The Monument is a world-renown repository of dinosaur fossils. Several sites in the Monument have yielded more information about the end of the dinosaur era than almost any other place in the world. Fossils of many species of dinosaurs and other animals, large and small, have been found, revealing new information about what North America was like before the dinosaurs vanished. A comprehensive field-based inventory and research project on Late Cretaceous geology and paleontology of the Kaiparowits Plateau was summarized in The Rise of the Kaiparowits Basin as a Global Scientific Resource. Using latest technology to map dinosaur tracks was a focus of Tracking Technological Advancement: Close-Range Photogrammetry at the Twentymile Wash Dinosaur Tracksite, Then and Now, one of several presentations about the site where hundreds of Middle Jurassic dinosaur tracks are exposed.
Evidence of the history of human occupation of the Colorado Plateau can also be found in the Monument, and the science symposium showcased some of the latest findings. Presentations included Archaic Peoples of Grand Staircase-Escalante National Monument, Obsidian on Grand Staircase-Escalante National Monument: Who Broke the Glass on the Staircase? and The Tommy Turf Site 42Ka6032: A Basketmaker II Burial from Kane County.
A rich variety of plants and animals is supported by the varied topography of the Monument’s Colorado Plateau ecosystem. Restoration and protection of the Monument’s natural resources is a topic of high scientific interest. The work of the Escalante River Watershed Partnership was highlighted in Escalante River Watershed Restoration. This new partnership includes numerous local stakeholders and is committed to restoring and maintaining the natural ecological conditions of the Escalante River and its watershed. A poster session, Investigation Into Water Quality Issues in Calf Creek, Garfield County, Utah, also explored the work of this partnership in the watershed.
Preliminary Evaluation of the Invasive Species Forecasting System in Grand Staircase-Escalante National Monument: NASA's Applied Sciences Program described NASA’s work with various agencies of the Department of the Interior to develop the Invasive Species Forecasting System to help resource managers understand the potential distribution of invasive terrestrial plants. Presentations also included a native plant restoration project in collaboration with students and teachers at Kanab High School, Native Plant Restoration Project – Kanab High School and Grand Staircase-Escalante National Monument. Fire restoration was explored in the poster session A Promising Approach to Fire Rehabilitation in a Southern Utah Pinyon-Juniper Woodland.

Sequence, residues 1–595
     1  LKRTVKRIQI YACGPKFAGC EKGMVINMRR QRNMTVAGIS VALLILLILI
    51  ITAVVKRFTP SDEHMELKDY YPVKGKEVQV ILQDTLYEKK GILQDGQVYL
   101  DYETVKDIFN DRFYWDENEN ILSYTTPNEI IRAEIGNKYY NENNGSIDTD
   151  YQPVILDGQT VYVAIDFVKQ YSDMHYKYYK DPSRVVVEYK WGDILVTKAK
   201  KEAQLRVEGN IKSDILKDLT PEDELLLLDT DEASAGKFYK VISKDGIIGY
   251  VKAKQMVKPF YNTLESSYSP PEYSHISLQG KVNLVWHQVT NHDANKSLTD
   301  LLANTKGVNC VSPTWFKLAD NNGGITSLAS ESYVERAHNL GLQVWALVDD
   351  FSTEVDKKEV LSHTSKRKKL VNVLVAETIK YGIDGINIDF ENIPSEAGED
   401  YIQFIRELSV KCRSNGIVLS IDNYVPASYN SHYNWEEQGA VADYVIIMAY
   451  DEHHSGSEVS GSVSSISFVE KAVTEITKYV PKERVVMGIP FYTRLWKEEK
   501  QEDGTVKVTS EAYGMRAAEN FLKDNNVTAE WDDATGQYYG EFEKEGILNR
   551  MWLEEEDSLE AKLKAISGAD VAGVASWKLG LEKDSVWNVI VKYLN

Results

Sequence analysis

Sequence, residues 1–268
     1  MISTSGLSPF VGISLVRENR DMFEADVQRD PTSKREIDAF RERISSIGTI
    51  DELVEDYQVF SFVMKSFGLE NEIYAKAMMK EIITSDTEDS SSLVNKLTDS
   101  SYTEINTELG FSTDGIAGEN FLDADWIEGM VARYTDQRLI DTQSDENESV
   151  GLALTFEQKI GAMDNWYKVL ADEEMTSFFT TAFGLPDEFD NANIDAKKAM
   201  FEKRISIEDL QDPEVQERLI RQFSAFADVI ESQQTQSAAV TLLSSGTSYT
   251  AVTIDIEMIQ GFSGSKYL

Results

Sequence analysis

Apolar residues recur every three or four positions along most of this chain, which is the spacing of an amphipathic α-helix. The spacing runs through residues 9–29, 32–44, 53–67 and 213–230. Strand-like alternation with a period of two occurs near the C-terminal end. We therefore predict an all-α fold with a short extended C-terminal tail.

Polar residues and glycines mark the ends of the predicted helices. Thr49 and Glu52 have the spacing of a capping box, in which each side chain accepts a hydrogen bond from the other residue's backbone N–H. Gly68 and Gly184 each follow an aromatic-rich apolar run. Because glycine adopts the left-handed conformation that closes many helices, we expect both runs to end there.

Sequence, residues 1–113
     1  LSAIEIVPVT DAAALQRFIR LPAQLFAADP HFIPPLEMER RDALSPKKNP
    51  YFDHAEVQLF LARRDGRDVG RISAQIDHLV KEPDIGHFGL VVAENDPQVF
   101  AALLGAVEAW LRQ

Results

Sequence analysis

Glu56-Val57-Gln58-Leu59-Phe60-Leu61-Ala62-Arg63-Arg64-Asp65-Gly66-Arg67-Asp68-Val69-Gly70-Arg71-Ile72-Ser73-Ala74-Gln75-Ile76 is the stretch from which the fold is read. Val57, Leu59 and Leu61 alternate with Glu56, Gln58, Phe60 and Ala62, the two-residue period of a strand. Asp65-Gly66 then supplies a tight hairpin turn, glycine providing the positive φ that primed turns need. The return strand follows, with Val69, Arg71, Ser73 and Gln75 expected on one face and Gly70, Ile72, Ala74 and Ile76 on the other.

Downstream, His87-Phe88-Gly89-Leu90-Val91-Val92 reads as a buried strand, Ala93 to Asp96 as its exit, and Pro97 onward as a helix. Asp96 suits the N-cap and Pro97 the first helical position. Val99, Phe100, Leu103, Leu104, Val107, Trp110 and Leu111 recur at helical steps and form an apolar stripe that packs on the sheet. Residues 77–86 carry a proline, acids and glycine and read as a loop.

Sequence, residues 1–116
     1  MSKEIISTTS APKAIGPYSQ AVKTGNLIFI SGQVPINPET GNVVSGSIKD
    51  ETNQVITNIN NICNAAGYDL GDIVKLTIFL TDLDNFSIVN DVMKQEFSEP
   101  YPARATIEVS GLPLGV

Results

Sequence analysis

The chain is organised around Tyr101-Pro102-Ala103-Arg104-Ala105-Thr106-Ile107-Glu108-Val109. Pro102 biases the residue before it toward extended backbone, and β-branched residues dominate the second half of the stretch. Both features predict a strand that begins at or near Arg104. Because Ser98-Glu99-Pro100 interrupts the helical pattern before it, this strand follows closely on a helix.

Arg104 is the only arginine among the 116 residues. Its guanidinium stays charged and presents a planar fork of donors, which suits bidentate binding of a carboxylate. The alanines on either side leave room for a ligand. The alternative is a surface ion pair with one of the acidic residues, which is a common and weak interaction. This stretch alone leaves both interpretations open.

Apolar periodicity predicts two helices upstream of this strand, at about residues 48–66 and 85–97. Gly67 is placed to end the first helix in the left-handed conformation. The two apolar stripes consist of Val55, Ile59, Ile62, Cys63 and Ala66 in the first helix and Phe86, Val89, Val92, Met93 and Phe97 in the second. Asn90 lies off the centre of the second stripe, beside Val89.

Today the Monument supports a number of uses such as livestock grazing and recreation, also the subject of scientific inquiry. In Effects of Past Management Treatments on Vegetation Structure, presenters described the long term response of vegetation and soils to rangeland improvement treatments conducted in the Monument from the 1960s to the 1980s. Front Country Visitor Study for Grand Staircase-Escalante National Monument presented recent findings about recreation use, visitor characteristics and perceptions, and the relationship between visitation and other Monument values. The Southern Utah Oral History Project: A Record of Living with the Land described efforts to preserve some of the memories and culture of long-time residents of the area.
Partnerships are Key
Much of the research at the Monument is accomplished through formal assistance agreements with the Cooperative Educational Studies Units. A robust program of science and research brings new information to BLM staff and managers, and in many cases, creates an innovative environment for adaptive management, resulting in the best possible decisions about stewardship of our national resources.
To help visitors appreciate the scientific importance of these spectacular landscapes, the Monument's four visitor centers highlight the range of research being conducted in its "outdoor laboratories" -- paleontology (Big Water), archaeology and geology (Kanab), history and Paiute culture (Cannonville), and ecology (Escalante). Engaging exhibits and a Junior Scientist program invite visitors to share the fruits of discovery and excitement of this magnificent place.
To learn more about Grand Staircase-Escalante National Monument, please click here.
To read more features and learn more about A Decade of Discovery Science Symposium, please click here.